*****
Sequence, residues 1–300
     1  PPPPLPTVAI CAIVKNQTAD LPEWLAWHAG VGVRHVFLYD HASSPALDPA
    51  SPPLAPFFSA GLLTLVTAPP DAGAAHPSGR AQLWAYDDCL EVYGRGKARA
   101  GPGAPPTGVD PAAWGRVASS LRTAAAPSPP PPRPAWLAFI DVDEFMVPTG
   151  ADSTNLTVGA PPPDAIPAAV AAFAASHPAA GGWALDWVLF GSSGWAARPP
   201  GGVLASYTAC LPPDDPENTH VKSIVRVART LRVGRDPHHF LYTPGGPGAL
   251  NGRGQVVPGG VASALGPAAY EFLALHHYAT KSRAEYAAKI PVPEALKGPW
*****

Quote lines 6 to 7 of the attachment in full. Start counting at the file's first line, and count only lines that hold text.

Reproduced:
   201  GGVLASYTAC LPPDDPENTH VKSIVRVART LRVGRDPHHF LYTPGGPGAL
   251  NGRGQVVPGG VASALGPAAY EFLALHHYAT KSRAEYAAKI PVPEALKGPW